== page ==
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The mechanism behind employee agreeableness and group performance ratings: a Pakistani study

The mechanism behind employee agreeableness and group performance ratings: a Pakistani study This study seeks to examine the links between employee agreeableness, group performance, and peers' perceptions of threat of retaliation, through relationship conflict.Design/methodology/approachIn a laboratory setting, 42 groups of undergraduate students (N = 182) from a Pakistani university were assigned to group projects to be completed within four months. Data collected from three different questionnaires at four different times and actual scores awarded by the course instructor to each group were used for the analyses. Based on rWG(J) and ICC(1), level 1 (182 students') data were aggregated to level 2 (groups), and then analysed using regression analysis followed by Preacher and Hayes' bootstrapping procedure.FindingsResults suggest that high agreeableness predicts group performance positively and peers' perceptions of threat of retaliation negatively. Moreover, relationship conflict among group members significantly mediates the agreeableness-group performance relationship. The above relationships may be sensitive to national culture.Research limitations/implicationsIn this study, groups were formed for a few months, whereas in real organizational life, workgroups are formed for different durations. Therefore, the range of situations to which these findings generalize remains an open question.Practical implicationsAgreeableness of group members can be constructive for performance of the group. Managers may utilize this insight while forming groups, and rating performance.Originality/valueThere is dearth of research illuminating how employee's personality traits affect group performance and appraisal ratings. The study tests the effects of employee agreeableness on: (1) group performance, as rated by supervisors; (2) the threat of retaliation, as perceived by peer raters; and (3) the mediating effect of relationship conflict. http://www.deepdyve.com/assets/images/DeepDyve-Logo-lg.png International Journal of Productivity and Performance Management Emerald Publishing

The mechanism behind employee agreeableness and group performance ratings: a Pakistani study

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References (79)

Publisher
Emerald Publishing
Copyright
© Emerald Publishing Limited
ISSN
1741-0401
DOI
10.1108/ijppm-03-2019-0120
Publisher site
See Article on Publisher Site

Abstract

This study seeks to examine the links between employee agreeableness, group performance, and peers' perceptions of threat of retaliation, through relationship conflict.Design/methodology/approachIn a laboratory setting, 42 groups of undergraduate students (N = 182) from a Pakistani university were assigned to group projects to be completed within four months. Data collected from three different questionnaires at four different times and actual scores awarded by the course instructor to each group were used for the analyses. Based on rWG(J) and ICC(1), level 1 (182 students') data were aggregated to level 2 (groups), and then analysed using regression analysis followed by Preacher and Hayes' bootstrapping procedure.FindingsResults suggest that high agreeableness predicts group performance positively and peers' perceptions of threat of retaliation negatively. Moreover, relationship conflict among group members significantly mediates the agreeableness-group performance relationship. The above relationships may be sensitive to national culture.Research limitations/implicationsIn this study, groups were formed for a few months, whereas in real organizational life, workgroups are formed for different durations. Therefore, the range of situations to which these findings generalize remains an open question.Practical implicationsAgreeableness of group members can be constructive for performance of the group. Managers may utilize this insight while forming groups, and rating performance.Originality/valueThere is dearth of research illuminating how employee's personality traits affect group performance and appraisal ratings. The study tests the effects of employee agreeableness on: (1) group performance, as rated by supervisors; (2) the threat of retaliation, as perceived by peer raters; and (3) the mediating effect of relationship conflict.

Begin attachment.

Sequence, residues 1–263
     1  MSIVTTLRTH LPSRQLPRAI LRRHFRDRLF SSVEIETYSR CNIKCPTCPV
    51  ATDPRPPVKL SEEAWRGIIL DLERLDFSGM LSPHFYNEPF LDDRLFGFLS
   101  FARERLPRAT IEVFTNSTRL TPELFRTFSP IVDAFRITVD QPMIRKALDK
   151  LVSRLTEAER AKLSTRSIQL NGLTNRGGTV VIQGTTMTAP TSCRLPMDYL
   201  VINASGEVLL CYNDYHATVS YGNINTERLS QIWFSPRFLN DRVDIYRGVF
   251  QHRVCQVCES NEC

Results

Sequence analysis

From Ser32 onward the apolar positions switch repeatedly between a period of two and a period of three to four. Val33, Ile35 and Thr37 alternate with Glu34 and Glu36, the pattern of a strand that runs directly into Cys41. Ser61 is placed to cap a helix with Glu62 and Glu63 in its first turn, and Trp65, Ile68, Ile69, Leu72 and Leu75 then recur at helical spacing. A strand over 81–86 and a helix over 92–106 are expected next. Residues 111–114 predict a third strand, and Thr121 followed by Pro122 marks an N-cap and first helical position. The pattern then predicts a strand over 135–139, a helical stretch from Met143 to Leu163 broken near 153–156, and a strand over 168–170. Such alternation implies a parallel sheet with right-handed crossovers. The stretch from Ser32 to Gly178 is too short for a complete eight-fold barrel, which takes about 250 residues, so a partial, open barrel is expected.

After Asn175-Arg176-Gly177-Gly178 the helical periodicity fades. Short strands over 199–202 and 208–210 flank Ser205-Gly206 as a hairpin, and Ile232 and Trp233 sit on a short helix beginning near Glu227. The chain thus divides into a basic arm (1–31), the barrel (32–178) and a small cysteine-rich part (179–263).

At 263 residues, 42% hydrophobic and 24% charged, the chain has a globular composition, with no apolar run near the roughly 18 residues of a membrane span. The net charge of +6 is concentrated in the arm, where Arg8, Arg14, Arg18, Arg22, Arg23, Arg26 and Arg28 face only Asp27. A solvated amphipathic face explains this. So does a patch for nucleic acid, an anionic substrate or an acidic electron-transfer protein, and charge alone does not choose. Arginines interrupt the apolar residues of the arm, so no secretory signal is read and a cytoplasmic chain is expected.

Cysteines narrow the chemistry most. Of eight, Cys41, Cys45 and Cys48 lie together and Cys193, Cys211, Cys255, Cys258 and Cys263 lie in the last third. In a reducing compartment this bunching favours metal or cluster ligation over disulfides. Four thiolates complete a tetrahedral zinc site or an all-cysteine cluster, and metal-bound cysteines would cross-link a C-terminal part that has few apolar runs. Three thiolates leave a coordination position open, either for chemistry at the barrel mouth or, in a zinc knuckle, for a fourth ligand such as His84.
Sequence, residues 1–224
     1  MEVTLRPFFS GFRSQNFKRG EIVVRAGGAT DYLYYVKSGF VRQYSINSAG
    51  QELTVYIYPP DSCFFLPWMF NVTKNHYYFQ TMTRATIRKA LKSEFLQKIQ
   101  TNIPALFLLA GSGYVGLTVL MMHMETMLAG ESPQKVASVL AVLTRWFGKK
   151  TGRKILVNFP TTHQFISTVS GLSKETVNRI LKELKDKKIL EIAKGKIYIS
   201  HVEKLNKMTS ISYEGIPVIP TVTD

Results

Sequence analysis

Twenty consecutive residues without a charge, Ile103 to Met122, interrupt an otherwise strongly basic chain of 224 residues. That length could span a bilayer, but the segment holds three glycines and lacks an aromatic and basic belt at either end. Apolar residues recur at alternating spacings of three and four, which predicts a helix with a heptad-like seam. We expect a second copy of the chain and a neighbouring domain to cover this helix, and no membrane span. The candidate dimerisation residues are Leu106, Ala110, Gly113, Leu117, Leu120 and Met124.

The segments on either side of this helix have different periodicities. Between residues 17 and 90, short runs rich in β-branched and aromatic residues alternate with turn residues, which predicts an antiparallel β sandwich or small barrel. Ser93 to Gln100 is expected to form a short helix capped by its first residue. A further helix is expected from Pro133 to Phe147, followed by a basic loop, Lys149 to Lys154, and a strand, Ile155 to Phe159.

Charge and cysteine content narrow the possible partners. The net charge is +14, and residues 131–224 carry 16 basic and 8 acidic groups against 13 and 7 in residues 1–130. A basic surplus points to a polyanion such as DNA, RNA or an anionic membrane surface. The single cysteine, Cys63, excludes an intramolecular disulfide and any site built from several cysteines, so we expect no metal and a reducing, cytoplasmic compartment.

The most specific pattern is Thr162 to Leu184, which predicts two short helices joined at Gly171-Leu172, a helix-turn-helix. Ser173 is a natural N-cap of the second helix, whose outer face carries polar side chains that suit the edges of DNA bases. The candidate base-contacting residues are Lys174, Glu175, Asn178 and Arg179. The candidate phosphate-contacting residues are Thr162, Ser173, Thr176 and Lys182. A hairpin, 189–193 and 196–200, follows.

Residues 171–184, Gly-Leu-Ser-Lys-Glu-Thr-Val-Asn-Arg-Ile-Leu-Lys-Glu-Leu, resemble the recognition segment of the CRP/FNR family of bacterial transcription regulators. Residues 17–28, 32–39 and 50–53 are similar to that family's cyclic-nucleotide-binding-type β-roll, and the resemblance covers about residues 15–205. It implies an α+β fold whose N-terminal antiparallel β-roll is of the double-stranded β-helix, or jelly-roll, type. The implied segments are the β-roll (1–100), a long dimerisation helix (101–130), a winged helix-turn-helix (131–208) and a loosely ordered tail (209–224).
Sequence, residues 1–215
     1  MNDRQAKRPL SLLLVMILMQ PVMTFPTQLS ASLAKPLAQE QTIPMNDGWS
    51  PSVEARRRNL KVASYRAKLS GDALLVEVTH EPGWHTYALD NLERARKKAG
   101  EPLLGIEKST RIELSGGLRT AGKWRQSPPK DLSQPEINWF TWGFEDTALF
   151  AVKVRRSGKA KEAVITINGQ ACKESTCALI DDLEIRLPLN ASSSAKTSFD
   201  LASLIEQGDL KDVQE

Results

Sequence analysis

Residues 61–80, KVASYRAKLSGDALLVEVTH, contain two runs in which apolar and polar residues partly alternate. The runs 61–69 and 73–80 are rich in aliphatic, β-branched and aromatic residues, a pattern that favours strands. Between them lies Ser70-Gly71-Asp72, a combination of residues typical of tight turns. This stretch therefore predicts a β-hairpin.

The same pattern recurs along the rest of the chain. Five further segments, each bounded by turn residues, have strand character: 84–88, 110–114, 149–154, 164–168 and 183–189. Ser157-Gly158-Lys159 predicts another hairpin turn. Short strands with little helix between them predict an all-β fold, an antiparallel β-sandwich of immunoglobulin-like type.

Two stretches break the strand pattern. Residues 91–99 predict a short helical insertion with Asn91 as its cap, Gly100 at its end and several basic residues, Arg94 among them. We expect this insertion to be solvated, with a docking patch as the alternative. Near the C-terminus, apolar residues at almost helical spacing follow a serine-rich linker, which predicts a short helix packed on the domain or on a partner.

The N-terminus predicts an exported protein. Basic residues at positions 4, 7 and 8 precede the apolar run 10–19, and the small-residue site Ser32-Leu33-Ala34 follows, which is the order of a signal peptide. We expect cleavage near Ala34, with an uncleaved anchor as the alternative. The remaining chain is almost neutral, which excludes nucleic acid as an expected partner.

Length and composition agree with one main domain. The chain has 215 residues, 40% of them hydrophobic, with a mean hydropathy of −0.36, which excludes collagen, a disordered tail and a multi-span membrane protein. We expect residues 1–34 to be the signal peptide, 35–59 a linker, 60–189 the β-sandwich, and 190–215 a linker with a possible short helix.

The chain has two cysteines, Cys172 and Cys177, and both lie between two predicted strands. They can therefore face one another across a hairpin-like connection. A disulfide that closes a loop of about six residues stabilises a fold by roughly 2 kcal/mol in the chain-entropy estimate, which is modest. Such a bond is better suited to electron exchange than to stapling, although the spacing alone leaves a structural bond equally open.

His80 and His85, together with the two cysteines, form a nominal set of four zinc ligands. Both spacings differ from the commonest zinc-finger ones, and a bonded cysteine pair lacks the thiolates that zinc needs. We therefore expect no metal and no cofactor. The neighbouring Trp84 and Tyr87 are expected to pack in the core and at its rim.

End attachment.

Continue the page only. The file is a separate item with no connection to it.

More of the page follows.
Journal

International Journal of Productivity and Performance ManagementEmerald Publishing

Published: Apr 29, 2020

Keywords: Agreeableness; Group performance; Threat of retaliation; Relationship conflict

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